A Literary Hat Trick for English's Graver

A Literary Hat Trick for English's Graver

By Stephen Gawlik
Staff Writer

Being included in one best-of-the-year anthology would be an achievement for any writer, but this year Assoc. Prof. Elizabeth Graver (English) is getting triple the honor.

Graver, who published her short story "The Mourning Door" last fall in the journal Ploughshares , recently learned that three publishers will be reprinting the work in anthologies to be released this fall.

"I guess it's pretty rare to be picked for all three of the 'best of the year' anthologies," said Graver. "Needless to say, I was surprised and delighted."

Best American Short Stories 2000 , Prize Stories: The O. Henry Awards and The Pushcart Prize: Best of the Small Presses will each include "The Mourning Door," a surreal tale about a woman, burdened by the desire to become pregnant, who makes a series of surprising and cathartic discoveries scattered throughout her house.

The story takes its name from the special door traditionally used in removing the deceased from houses. As Graver explains, superstition held that the living and the dead could not use the same doors. She discovered a mourning door in the 18th century Lincoln farmhouse she and her husband bought more than two years ago, and became intrigued by the subject.

Graver has won critical acclaim in the past for her short stories and has published two well-received novels, Unravelling and The Honey Thief.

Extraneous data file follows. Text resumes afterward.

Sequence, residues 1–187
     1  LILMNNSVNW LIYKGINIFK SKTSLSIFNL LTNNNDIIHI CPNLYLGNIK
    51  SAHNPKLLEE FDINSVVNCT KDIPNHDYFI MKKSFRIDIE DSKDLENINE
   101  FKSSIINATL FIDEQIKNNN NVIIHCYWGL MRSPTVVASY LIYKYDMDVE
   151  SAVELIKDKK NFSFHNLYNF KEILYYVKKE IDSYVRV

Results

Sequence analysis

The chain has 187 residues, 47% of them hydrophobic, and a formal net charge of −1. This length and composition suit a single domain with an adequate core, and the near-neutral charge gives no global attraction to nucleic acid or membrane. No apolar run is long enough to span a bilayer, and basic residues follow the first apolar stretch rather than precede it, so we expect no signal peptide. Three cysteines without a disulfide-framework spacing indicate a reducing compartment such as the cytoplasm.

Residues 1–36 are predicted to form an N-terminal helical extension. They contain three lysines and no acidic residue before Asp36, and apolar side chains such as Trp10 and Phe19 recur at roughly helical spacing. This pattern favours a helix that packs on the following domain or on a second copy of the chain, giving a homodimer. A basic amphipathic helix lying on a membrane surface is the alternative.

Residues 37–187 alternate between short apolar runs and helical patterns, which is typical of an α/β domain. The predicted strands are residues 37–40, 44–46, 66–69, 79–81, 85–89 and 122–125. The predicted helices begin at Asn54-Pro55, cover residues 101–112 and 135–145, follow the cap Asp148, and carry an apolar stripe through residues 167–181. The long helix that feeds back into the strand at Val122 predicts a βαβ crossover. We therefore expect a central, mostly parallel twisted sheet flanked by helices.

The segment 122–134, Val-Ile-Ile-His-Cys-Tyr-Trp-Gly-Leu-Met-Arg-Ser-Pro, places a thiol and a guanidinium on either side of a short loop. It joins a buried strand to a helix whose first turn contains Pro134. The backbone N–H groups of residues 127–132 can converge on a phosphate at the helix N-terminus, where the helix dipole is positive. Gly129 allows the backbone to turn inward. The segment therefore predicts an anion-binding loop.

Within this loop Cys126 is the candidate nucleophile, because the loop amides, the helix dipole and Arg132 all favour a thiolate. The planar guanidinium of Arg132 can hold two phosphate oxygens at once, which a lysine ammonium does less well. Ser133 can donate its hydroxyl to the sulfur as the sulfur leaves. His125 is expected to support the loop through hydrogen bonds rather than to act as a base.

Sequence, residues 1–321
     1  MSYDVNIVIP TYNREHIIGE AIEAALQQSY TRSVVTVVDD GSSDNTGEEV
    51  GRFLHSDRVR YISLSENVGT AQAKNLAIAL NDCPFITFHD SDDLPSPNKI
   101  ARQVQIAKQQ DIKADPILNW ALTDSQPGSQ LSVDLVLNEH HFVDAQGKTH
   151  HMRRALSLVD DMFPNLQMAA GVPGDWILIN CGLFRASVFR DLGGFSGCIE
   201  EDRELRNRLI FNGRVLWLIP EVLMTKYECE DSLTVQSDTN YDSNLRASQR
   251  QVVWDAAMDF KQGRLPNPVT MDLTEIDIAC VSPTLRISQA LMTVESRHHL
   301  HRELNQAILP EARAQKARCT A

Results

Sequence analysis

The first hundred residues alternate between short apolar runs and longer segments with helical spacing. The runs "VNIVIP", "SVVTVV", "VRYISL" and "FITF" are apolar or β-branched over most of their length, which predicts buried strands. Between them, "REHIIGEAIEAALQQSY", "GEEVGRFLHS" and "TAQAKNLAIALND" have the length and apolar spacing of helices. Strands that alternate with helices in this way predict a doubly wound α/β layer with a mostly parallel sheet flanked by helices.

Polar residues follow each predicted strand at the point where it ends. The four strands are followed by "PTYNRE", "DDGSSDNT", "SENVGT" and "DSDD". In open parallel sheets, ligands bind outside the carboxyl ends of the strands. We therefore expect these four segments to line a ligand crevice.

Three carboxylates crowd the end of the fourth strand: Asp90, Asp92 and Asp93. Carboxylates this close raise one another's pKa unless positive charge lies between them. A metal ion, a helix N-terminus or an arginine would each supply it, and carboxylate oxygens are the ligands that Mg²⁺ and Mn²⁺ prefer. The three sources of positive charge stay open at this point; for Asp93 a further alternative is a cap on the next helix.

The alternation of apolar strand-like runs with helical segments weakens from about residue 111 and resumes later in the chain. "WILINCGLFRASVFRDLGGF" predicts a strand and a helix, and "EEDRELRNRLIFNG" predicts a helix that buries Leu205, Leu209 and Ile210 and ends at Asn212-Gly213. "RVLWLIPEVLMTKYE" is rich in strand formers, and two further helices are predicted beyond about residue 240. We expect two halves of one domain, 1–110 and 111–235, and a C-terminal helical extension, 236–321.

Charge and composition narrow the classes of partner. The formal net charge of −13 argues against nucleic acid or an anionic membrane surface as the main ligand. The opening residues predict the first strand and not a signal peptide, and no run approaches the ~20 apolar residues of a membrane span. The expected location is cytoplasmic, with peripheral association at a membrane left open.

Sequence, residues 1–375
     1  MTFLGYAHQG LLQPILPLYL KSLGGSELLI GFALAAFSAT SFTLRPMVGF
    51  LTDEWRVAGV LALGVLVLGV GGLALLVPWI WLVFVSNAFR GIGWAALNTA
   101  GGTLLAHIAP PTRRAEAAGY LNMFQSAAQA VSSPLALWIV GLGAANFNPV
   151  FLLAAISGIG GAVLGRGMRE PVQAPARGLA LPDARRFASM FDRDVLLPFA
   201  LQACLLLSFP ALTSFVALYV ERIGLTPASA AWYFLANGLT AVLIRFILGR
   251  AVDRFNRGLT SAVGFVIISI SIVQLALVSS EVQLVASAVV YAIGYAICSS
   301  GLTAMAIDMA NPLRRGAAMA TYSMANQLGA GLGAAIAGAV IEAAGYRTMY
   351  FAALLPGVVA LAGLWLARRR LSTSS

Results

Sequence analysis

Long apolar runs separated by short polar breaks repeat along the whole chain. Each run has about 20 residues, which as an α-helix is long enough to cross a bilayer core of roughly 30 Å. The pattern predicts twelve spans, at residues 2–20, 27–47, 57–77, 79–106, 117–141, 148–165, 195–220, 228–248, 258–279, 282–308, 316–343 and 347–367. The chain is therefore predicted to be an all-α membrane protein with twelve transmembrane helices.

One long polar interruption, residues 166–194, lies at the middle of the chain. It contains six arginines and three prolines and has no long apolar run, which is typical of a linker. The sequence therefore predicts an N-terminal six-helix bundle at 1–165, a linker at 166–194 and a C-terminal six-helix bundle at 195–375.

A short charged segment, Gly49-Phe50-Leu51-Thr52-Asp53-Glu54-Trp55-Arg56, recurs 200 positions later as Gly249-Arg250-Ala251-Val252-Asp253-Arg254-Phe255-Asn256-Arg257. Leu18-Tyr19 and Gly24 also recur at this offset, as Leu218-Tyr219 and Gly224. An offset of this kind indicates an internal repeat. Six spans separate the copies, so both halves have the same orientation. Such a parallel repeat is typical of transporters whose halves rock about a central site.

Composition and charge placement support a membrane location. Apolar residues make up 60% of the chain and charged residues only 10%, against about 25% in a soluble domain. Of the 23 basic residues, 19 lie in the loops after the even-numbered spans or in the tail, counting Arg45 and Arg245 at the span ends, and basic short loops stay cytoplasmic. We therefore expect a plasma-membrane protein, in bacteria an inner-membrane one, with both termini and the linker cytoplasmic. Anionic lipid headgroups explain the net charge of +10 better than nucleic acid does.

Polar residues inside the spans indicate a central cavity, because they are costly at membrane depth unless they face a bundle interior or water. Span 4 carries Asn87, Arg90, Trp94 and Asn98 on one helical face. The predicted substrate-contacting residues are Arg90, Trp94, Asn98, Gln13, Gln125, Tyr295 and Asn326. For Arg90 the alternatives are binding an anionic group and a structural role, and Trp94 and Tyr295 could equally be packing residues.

Among Graver's fans are her colleagues in the English Department.

"The anthologies she's been selected for are very prestigious and her inclusion in them is an indication of how established she is as a fiction writer in America," said Assoc. Prof. Suzanne M. Matson, a published novelist and poet herself. "She is well on her way to becoming an important writer."

Graver received another kind of recognition recently when her story "Surtsey," which originally appeared in the magazine DoubleTake last summer, was read by actress Maria Tucci at Symphony Space in New York City for an upcoming edition of the nationally syndicated National Public Radio program "Selected Shorts."

She became the youngest person to win the Drue Heinz Literature Prize when she was awarded the prestigious prize at age 26 in 1991 for her debut story collection, Have You Seen Me?

Graver is currently at work on her third novel.


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